M. Night Shyamalan is a master at building suspense.
Before the opening credits come to an end, he has the eerie musical score built to a fevered pitch. And although we have an uneasy desire to peek over our shoulder, Shyamalan keeps the camera focused straight ahead. He lets that tingly feeling crawl across the back of our necks and move down our spines-proving that anticipation is sometimes more frightening than reality.
However, this writer/producer/director does more than just make things go bump in the dark. In The Village, he also gives us a case study in fear, a daily emotion many of us feel, if only for a fleeting moment.
Such is not the case for the people in the small, isolated community of Covington, Pennsylvania, where fear is a constant. While their life in the late 18th century seems simple, they are bound together by more than their daily routine. Out there-in the woods-lives "Those We Don't Speak Of".
An uneasy truce exists between the two groups. It keeps the villagers from venturing into the woods and the creatures of the forest from invading the town. Still, even the burning torches that surround their homes and the posted guards can't alleviate the sensation of constant danger the townsfolk feel when the unknown beings begin to moan.p> Lucius Hunt (Joaquin Phoenix), however, yearns to know what lies beyond. Wanting to seek help, he asks the Elders of the village to let him travel to the nearby towns. Hesitant to grant his request, Edward Walker (William Hurt) and the other community leaders delay answering him. His mother Alice (Sigourney Weaver) also begs him to stay at home.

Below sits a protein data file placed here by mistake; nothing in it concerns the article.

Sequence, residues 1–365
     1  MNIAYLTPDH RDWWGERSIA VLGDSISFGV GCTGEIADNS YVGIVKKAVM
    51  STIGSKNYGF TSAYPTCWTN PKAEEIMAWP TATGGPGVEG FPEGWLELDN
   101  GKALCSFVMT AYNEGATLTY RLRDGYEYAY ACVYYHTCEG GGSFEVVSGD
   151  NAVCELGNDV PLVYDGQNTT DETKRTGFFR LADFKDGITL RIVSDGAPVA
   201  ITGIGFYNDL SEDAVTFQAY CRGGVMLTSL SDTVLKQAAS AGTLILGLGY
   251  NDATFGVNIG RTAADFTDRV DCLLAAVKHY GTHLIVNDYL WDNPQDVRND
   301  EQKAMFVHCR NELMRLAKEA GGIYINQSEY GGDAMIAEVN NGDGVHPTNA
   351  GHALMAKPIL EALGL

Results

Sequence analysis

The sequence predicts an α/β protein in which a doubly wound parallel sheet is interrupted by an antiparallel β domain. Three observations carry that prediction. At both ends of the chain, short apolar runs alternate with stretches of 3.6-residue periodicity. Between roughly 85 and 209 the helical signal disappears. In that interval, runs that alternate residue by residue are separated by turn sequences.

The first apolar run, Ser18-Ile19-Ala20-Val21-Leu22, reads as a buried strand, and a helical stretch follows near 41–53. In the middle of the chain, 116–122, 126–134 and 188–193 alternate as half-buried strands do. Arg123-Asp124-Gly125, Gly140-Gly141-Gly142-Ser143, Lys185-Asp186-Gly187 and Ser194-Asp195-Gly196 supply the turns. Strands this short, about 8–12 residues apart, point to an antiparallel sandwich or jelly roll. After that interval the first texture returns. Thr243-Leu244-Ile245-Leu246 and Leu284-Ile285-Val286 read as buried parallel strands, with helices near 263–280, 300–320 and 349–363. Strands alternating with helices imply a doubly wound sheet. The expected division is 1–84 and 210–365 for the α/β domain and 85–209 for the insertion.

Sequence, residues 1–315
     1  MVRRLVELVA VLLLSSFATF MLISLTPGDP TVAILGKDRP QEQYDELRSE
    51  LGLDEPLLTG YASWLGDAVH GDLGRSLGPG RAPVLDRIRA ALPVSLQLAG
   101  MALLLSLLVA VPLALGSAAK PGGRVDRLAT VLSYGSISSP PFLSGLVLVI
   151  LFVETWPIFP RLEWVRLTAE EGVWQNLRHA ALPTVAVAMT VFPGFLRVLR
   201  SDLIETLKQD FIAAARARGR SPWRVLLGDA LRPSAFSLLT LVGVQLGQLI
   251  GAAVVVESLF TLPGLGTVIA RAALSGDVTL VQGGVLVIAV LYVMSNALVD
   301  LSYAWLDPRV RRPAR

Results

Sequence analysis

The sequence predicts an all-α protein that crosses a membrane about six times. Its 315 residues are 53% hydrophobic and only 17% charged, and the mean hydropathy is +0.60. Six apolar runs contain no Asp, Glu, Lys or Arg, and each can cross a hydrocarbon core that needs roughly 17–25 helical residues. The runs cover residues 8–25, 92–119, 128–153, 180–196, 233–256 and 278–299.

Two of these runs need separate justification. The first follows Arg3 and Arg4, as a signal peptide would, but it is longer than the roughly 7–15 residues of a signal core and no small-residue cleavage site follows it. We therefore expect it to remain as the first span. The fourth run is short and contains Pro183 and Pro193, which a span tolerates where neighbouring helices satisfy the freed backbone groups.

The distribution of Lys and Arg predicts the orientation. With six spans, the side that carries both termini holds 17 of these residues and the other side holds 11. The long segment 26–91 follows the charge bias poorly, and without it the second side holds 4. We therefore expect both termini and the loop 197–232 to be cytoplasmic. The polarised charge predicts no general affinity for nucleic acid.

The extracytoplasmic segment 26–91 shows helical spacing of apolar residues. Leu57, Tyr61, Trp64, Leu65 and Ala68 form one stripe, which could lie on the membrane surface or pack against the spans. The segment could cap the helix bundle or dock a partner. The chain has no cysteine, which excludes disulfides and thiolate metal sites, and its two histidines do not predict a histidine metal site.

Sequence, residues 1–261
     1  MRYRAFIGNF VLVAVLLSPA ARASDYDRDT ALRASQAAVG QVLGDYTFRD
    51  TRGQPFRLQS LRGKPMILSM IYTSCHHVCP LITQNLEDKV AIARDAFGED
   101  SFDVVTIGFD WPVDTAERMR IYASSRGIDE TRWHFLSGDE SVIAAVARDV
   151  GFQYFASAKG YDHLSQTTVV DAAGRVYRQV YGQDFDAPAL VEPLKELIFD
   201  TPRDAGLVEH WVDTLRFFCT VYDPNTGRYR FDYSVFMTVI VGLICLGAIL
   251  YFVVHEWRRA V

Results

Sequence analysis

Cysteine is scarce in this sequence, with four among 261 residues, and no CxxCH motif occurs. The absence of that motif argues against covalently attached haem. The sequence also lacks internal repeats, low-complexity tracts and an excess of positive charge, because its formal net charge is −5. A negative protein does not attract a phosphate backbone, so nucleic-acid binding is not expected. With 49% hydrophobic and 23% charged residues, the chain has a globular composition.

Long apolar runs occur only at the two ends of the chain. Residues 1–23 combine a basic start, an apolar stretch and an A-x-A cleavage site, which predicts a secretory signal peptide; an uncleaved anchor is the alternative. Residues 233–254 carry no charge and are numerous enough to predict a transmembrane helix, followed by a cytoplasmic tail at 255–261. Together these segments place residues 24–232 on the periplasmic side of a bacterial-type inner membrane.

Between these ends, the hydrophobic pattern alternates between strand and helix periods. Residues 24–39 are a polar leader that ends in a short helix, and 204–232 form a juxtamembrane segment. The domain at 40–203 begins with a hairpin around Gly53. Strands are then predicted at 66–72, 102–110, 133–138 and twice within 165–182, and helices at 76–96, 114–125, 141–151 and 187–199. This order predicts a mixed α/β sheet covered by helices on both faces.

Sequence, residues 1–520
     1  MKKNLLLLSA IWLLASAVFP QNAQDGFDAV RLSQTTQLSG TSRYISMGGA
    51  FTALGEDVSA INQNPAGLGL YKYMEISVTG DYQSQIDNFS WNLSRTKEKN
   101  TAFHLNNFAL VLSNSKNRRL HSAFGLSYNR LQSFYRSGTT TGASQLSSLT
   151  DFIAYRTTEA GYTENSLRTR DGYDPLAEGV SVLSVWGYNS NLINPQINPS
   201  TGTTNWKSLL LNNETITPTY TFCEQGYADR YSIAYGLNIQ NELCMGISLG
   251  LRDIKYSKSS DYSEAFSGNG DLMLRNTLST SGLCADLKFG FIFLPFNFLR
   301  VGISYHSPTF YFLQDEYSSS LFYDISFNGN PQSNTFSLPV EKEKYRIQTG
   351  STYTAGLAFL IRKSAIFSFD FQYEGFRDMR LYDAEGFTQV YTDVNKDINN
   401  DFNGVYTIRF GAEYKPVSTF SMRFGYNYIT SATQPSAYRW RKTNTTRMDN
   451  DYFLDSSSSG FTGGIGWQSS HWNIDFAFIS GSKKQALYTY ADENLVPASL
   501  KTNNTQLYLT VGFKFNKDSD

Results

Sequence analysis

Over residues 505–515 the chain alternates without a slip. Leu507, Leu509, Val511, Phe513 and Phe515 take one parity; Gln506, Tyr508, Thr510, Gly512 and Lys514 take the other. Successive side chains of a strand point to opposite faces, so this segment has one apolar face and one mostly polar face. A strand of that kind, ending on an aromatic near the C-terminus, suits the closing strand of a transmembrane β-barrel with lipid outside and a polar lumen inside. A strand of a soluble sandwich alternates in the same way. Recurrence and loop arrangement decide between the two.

But, when their tenuous treaty is upset, the community's dark secrets begin to leak out. The forest dwellers paint ominous warnings on the villagers' doors and make menacing advances. They threaten the security of everyone, including the young blind woman, Ivy (Bryce Dallas Howard) and the simple-minded Noah (Adrien Brody).
Suddenly, bravery becomes the settlement's most valuable commodity.
Other than one scene of brutal, physical violence, Shyamalan unfolds his story without delving into the horror and gore of so many scary scripts. Contrasting the lush green fields and carefully maintained homes of the village with the dark, tangled branches and deadfall in the forest, he clearly marks out the boundaries of safety. Yet even idyllic looking locations don't always protect people from intruding human foibles.
While the film doesn't always maintain its intensity level, The Village is still an entertaining choice for older teens who might enjoy a little spooky suspense without unnecessary content. Shyamalan's unique camera angles and signature shots (look for his mirrored images) also keep audiences involved.
However, the movie's impact may not end when the reel stops rolling. Living in a world full of troubling times and events ourselves, the script can prompt a good discussion on how we face fears-whether we live in a little village or a big city.